When Colin McPhedran was 11 years old he lived in Burma, son of a Burmese mother and British Oil executive father. Life was good growing up until in 1941 the Japanese invasion of Burma began. The high point in his young life was when the Principal Father of the boarding school he and his brother Robert attended called an assembly to advise the school would be closing down due to an imminent threat of Japanese invasion
The boys returned home with a large amount of enthusiasm for the unexpected freedom granted and for a time life continued on with some restrictions. It soon became apparent it was becoming far too dangerous for them to remain in the small town of Maymyo, not far from the old capital of Mandalay. Plans were made to remove the family to somewhere a lot safer; Mandalay to begin with.
They managed to make the last train out of Mandalay, finally arriving at the small town of Mogaung, after an adventure filled with bridges being blown up once the train has passed, to Japanese planes searching overhead; scary, but from the view point of an 11 year old boy – incredible. They thought Mogaung would be the end of their journey, but sadly it was just the beginning of a journey that was to bring tragedy and death to thousands, over the coming days and months.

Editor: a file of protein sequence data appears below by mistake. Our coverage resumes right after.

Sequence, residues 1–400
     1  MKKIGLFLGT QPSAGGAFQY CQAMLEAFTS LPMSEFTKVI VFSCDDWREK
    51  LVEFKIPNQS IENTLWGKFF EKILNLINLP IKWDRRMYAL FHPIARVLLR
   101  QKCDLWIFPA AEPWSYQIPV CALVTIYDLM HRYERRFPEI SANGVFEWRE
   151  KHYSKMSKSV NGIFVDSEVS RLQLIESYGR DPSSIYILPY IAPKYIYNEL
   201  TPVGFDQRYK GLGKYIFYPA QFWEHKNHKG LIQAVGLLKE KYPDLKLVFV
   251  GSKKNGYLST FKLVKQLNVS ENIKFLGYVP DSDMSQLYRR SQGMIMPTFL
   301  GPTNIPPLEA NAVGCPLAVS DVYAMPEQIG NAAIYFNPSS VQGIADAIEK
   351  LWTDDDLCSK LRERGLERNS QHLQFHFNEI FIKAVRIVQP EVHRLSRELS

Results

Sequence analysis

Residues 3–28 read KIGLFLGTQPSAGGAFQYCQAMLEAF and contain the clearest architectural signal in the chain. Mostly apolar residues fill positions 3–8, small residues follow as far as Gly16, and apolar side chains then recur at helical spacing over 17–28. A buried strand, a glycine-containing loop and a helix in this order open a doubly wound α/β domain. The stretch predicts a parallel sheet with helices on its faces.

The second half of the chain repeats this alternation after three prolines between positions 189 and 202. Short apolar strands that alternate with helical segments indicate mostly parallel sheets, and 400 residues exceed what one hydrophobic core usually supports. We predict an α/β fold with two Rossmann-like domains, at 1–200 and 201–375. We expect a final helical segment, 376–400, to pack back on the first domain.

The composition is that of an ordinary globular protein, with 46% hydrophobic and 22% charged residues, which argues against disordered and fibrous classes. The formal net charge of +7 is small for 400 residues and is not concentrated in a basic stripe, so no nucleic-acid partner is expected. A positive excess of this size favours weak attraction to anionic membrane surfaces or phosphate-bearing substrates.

It soon became apparent that they would have to, like many others, join a trek out of Burma and into India, a journey of some 500 kilometres and so Colin and Robert set about gathering what supplies they could, for what Robert had estimated as a journey of about 150 miles. Adding to the challenge was the fact the Monsoon season was about to commence and it was a very great concern that the trails would become all but impassable across the mountainous terrain.
But set off they did, with thousands of others, on a trek which was to see his beloved mother and brother Robert perish along the way, and his sister Ethel die just one day after finally being rescued, not far from the Burmese-Indian boarder, and Colin’s life hanging in the balance.
Colin owed his life to Major Alasdair Ramsay Tainsh, a supply officer in the Royal Indian Army Services, a man who had risked his life on many occasions, going into the jungle along the border to rescue many survivors, describing the plight of the McPhedran children, when he found them, as ‘in a dreadful state’.
Beautiful, sad, joyful and reflective, it is a story which is all the better for the telling, will reach out and touch many, bring memories of times past to many, many others and also help fill in some of the myriad of missing pieces of a past that should not ever be forgotten.
Colin McPhedran passed away in Perth in 2010 surrounded by his family, leaving behind him not just an extraordinary, story but an extraordinary legacy.
|Publisher||New South Publications|
|Distributor||New South Books|